We just lived through the latest meeting of the 19 most economically powerful countries plus the EU or more commonly known as the G20.
That’s right these entities get together once a year and schmooze.
But what is this group really?
The Group of Twenty (G20) is the premier forum for international cooperation on the most important issues of the global economic and financial agenda.
The objectives of the G20 refer to:
1. Policy coordination between its members in order to achieve global economic stability, sustainable growth;
2. Promoting financial regulations that reduce risks and prevent future financial crises;
3. Modernizing international financial architecture.
The G20 brings together finance ministers and central bank governors from 19 countries: Argentina, Australia, Brazil, Canada, China, France, Germany, India, Indonesia, Italy, Japan, the Republic of Korea, Mexico, Russia, Saudi Arabia, South Africa, Turkey, the United Kingdom, the United States of America plus the European Union, which is represented by the President of the European Council and by Head of the European Central Bank.
G20 members represent almost:
1. 90% of global GDP.
2. 80% of international global-trade.
3. 2/3 of the world’s population lives in G20 member countries.
4. 84% of all fossil fuel emissions are produced by G20 countries.
If you would like a simpler definition then……it is about the control of what we get to do with what little money we have…..while bankers and financial institutions rake in the profits.
This time was no different than the last couple of meetings…..violence, protests, goon squads, etc, etc…….and there is the actual meetings…..(pause here for thought)……not much was accomplished except for a couple of “feel good” photo ops and everyone goes home……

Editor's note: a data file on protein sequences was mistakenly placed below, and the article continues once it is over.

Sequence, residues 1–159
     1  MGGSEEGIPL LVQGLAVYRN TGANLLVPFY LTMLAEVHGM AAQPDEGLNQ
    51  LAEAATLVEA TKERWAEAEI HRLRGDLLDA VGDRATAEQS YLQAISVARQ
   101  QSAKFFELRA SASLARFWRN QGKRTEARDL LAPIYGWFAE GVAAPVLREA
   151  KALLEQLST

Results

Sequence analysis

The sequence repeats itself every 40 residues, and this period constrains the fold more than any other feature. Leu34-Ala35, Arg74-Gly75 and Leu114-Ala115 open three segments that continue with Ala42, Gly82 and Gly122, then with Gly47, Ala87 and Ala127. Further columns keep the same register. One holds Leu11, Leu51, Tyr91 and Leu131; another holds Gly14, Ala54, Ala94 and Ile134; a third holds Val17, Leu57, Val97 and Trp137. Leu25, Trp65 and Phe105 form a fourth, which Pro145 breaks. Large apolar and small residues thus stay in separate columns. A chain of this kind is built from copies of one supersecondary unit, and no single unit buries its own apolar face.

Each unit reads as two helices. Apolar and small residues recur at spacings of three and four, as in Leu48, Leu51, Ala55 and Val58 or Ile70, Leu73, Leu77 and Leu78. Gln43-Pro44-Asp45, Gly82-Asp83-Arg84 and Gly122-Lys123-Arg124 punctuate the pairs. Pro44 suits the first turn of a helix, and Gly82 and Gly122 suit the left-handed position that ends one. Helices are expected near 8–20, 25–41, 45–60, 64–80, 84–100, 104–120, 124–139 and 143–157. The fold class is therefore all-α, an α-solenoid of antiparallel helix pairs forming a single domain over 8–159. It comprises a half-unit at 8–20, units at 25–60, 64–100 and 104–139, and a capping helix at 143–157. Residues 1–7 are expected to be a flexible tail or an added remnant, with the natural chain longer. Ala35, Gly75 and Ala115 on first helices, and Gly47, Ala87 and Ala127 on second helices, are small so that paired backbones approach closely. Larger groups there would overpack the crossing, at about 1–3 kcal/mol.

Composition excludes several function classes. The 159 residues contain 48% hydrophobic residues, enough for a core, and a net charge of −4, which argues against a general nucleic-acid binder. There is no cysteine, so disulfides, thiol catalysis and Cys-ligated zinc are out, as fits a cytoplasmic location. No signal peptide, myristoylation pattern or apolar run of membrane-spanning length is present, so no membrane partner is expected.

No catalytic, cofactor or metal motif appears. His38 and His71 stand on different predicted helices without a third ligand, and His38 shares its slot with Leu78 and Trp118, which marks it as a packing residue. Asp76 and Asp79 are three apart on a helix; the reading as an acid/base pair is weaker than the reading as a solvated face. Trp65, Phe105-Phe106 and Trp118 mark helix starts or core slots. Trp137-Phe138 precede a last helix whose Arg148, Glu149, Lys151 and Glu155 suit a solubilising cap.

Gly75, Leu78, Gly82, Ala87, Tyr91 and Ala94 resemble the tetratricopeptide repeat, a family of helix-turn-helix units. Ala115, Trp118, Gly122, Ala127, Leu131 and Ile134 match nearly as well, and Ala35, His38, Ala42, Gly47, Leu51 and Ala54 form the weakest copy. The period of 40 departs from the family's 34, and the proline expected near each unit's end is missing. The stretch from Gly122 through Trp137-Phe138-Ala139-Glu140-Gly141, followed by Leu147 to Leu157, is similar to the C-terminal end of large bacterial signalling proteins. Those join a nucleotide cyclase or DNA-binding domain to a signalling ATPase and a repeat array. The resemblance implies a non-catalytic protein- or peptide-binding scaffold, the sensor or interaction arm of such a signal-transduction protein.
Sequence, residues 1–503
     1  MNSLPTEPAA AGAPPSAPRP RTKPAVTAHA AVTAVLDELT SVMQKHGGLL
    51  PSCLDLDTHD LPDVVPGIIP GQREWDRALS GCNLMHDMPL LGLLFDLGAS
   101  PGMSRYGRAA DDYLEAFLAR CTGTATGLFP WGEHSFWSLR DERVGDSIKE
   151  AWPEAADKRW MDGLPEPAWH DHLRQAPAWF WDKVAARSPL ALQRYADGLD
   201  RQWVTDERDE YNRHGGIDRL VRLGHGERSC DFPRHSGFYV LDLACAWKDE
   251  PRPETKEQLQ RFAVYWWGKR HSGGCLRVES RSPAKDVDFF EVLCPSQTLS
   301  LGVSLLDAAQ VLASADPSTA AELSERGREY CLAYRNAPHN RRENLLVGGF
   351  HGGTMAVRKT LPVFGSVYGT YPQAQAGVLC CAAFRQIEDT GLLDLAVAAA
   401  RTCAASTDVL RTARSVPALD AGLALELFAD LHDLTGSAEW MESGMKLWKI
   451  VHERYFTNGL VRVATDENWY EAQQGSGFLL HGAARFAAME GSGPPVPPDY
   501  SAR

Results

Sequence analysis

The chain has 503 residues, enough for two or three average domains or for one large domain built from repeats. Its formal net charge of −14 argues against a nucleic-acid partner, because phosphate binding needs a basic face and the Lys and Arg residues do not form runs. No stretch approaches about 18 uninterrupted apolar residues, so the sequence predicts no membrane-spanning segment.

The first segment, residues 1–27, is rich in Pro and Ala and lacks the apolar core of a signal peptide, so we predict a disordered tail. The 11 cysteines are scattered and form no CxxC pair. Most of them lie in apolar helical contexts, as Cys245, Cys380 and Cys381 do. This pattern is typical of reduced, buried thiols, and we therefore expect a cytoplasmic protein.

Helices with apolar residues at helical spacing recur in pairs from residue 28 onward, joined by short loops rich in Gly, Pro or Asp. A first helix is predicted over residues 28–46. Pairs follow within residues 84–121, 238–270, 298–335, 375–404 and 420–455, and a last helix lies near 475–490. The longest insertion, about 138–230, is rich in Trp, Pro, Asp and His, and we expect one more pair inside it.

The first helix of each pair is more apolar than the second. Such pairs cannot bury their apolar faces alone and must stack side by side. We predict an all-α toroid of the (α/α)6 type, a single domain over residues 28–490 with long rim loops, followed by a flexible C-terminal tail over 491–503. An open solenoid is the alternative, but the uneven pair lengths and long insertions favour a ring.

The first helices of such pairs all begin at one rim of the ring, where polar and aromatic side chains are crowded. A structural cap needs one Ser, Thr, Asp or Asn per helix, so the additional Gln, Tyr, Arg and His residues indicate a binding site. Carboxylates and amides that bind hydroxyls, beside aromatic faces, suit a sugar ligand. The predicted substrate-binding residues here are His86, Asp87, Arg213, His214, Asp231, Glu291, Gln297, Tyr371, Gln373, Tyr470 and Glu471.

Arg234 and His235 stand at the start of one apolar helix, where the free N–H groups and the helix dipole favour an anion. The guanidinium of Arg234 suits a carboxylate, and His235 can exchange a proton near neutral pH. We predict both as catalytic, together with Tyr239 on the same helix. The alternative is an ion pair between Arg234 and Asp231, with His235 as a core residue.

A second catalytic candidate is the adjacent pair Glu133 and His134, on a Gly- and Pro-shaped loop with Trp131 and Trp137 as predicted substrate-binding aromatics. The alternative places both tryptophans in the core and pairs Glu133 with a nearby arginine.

The the next question would be…..was the meeting worth the effort?
Unfettered violence. Unbridled brutality. Outside our democratic community. When Angela Merkel held her closing address on Saturday afternoon at the G-20 summit in Hamburg, she used clear words to denounce what had taken place on the streets of Hamburg during the preceding day and night.
Cars and barricades ablaze, shops plundered, water cannons in constant operation, injuries, devastated city quarters, heavily armed special police units: The images of the violence in Hamburg have circled the globe. And they stood in stark contrast to those of the 20 heads of state and government who, at the same time, were listening to Beethoven’s “Ode to Joy” in Hamburg’s chic new Elbphilharmonie concert hall. Classical music inside, clashes outside.
The question that must now be asked, which the chancellor must also answer, is this: Was it all worth it? Or was the price too high?
Well? Was it worth the effort?
What NO statement on the perceived “aggression” of North Korea?